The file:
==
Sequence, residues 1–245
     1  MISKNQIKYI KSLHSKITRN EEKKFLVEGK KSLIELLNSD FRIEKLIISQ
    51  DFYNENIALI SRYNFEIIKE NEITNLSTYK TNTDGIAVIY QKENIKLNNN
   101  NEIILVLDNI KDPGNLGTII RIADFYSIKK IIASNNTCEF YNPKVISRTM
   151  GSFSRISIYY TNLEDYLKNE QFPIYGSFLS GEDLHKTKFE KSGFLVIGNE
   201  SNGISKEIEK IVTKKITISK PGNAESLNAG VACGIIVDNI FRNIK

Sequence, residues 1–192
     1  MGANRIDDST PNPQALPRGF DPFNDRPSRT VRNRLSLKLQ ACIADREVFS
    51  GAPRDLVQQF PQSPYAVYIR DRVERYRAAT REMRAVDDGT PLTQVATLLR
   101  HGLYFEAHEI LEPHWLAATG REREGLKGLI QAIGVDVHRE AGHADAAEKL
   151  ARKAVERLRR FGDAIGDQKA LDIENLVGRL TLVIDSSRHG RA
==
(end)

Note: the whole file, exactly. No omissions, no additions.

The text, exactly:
Sequence, residues 1–245
     1  MISKNQIKYI KSLHSKITRN EEKKFLVEGK KSLIELLNSD FRIEKLIISQ
    51  DFYNENIALI SRYNFEIIKE NEITNLSTYK TNTDGIAVIY QKENIKLNNN
   101  NEIILVLDNI KDPGNLGTII RIADFYSIKK IIASNNTCEF YNPKVISRTM
   151  GSFSRISIYY TNLEDYLKNE QFPIYGSFLS GEDLHKTKFE KSGFLVIGNE
   201  SNGISKEIEK IVTKKITISK PGNAESLNAG VACGIIVDNI FRNIK

Sequence, residues 1–192
     1  MGANRIDDST PNPQALPRGF DPFNDRPSRT VRNRLSLKLQ ACIADREVFS
    51  GAPRDLVQQF PQSPYAVYIR DRVERYRAAT REMRAVDDGT PLTQVATLLR
   101  HGLYFEAHEI LEPHWLAATG REREGLKGLI QAIGVDVHRE AGHADAAEKL
   151  ARKAVERLRR FGDAIGDQKA LDIENLVGRL TLVIDSSRHG RA